Our images are usually vague. 45. Vague images not necessarily general notions, 48. Individuals differ in imagination; Gallon's researches, 50. The 'visile' type, 58. The 'audile' type, 60. The 'motile' type, 61. Tactile images, 65. The neural process of imagination, 68. Its relations to that of sensation, 72.


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76

Perception and sensation, 76. Perception is of definite and probable things, 82. Illusions, 85;—of the first type, 86;—of the second type, 95. The neural process in perception, 103. 'Apperception,' 107. Is perception an unconscious inference? 111. Hallucinations, 114. The neural process in hallucination, 122. Binet's theory, 129. 'Perception-time,' 131.


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134

The feeling of crude extensity, 134. The perception of spatial order, 145. Space-'relations,' 148. The meaning of localization, 153. 'Local signs,' 155. The construction of 'real' space, 166. The subdivision of the original sense-spaces, 167. The sensation of motion over surfaces, 171. The measurement of the sense-spaces by each other, 177. Their summation, 181. Feelings of movement in joints, 189. Feelings of muscular contraction, 197. Summary so far, 202. How the blind perceive space, 203. Visual space, 211. Helmholtz and Reid on the test of a sensation, 216. The theory of identical points, 222. The theory of projection, 228. Ambiguity of retinal impressions, 231;—of eye-movements, 234. The choice of the visual reality, 237. Sensations which we ignore, 240. Sensations which seem suppressed, 243. Discussion of Wundt's and Helmholtz's reasons for denying that retinal sensations are of extension, 248. Summary, 268. Historical remarks, 270.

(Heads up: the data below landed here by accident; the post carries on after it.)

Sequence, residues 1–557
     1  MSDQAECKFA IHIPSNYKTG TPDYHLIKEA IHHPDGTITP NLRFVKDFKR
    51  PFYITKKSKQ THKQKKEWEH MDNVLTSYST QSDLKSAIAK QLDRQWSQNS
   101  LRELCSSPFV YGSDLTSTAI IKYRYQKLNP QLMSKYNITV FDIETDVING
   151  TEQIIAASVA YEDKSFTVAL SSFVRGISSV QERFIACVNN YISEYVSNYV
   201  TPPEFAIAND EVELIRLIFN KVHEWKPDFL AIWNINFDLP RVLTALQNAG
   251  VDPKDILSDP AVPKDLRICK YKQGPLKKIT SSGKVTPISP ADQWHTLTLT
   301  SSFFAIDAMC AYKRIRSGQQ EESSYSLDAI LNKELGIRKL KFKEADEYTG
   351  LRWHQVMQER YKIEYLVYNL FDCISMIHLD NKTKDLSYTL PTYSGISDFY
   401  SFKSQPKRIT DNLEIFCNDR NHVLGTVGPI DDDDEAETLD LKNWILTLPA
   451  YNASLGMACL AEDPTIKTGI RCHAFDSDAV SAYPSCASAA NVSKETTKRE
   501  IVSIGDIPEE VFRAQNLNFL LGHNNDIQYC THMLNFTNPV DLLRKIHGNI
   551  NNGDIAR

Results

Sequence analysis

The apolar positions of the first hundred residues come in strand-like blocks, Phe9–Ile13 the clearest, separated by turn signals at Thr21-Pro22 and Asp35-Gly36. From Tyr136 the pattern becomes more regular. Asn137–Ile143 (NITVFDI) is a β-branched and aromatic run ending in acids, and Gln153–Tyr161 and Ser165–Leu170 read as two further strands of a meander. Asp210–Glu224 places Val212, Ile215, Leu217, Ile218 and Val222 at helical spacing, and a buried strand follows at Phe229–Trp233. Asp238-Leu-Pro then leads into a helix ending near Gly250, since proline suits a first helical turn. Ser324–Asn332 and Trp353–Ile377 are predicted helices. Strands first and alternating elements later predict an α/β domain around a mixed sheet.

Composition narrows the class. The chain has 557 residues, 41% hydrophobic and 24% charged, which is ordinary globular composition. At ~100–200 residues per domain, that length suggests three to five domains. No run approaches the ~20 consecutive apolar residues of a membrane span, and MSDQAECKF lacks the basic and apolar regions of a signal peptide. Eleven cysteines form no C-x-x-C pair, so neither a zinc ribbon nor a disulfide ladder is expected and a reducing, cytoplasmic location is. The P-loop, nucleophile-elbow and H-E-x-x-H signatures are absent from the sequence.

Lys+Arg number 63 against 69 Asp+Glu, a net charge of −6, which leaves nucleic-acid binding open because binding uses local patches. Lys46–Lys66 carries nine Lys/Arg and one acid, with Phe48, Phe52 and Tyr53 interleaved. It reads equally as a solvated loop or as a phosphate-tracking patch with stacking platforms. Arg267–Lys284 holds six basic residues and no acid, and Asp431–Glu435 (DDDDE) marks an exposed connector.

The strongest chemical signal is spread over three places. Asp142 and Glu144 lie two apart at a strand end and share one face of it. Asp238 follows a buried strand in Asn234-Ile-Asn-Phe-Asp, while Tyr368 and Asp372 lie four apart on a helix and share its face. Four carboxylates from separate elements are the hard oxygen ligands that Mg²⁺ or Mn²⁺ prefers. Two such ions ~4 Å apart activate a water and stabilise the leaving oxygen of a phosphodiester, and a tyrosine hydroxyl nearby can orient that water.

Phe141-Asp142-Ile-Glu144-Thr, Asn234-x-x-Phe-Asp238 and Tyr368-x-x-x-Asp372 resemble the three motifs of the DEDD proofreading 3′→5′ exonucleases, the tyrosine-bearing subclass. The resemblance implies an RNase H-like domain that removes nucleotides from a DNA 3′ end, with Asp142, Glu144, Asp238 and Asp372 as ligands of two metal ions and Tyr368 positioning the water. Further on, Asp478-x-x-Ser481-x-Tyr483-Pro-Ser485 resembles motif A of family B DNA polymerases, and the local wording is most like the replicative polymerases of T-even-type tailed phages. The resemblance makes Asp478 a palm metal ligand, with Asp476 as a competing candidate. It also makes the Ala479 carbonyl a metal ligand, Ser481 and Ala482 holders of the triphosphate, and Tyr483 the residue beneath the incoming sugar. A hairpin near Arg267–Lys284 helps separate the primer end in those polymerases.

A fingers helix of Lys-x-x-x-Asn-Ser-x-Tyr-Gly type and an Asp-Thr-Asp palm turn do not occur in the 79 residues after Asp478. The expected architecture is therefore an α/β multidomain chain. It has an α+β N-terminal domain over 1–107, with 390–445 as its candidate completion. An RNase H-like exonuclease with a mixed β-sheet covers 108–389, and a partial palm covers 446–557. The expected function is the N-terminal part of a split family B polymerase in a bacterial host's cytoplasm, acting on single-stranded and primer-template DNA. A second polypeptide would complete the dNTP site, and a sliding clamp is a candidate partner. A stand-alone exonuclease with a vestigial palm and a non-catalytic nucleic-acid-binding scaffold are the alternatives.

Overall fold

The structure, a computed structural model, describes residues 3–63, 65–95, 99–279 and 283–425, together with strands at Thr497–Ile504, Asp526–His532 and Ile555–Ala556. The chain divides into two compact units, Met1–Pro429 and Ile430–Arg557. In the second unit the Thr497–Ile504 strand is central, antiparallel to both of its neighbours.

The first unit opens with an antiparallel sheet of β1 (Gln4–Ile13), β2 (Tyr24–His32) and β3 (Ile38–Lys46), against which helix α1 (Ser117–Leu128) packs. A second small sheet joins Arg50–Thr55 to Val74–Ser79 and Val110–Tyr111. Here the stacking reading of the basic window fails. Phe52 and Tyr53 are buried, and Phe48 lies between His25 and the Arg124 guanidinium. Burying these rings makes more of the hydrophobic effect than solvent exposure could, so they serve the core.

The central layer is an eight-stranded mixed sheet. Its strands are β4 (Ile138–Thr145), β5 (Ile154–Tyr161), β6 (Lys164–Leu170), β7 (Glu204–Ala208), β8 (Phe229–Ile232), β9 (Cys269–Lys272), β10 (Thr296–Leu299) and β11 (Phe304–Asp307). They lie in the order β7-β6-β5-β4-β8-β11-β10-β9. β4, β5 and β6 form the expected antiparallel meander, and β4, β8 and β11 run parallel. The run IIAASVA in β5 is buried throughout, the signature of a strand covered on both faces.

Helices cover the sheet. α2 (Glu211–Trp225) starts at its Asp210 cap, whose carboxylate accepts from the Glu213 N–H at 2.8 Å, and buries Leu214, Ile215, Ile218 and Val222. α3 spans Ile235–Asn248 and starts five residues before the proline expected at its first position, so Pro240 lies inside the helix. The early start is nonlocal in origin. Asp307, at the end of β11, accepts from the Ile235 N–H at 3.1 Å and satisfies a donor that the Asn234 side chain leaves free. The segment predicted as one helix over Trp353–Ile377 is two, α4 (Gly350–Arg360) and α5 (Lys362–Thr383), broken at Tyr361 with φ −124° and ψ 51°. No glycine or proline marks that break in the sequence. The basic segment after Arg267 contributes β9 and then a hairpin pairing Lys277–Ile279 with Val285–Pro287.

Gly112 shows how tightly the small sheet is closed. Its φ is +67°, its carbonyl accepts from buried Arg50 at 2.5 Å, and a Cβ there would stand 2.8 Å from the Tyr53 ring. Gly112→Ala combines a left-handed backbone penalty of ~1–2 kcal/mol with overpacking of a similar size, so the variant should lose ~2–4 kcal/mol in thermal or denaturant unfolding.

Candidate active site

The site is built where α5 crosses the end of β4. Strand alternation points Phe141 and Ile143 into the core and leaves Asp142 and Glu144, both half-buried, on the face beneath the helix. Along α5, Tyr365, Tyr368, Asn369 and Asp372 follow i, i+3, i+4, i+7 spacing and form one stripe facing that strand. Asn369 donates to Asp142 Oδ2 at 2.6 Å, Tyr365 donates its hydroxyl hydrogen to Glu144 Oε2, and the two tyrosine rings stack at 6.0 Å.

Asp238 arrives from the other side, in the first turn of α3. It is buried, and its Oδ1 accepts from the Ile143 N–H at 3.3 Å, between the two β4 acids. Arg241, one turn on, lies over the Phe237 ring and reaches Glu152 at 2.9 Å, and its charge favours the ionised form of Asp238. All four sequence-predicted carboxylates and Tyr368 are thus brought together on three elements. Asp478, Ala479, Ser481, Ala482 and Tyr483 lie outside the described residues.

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283

Belief and its opposites, 283. The various orders of reality, 287. 'Practical' realities, 293. The sense of our own bodily existence is the nucleus of all reality, 297. The paramount reality of sensations, 299. The influence of emotion and active impulse on belief, 307. Belief in theories, 311. Doubt, 318. Relations of belief and will, 320.


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323

'Recepts,' 327. In reasoning, we pick out essential qualities, 329. What is meant by a mode of conceiving, 332. What is involved in the existence of general propositions, 337. The two factors of reasoning, 340. Sagacity, 343. The part played by association by similarity, 345. The intellectual contrast between brute and man: association by similarity the fundamental human distinction, 348. Different orders of human genius, 360.


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373

The diffusive wave, 373. Every sensation produces reflex effects on the whole organism, 374.


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383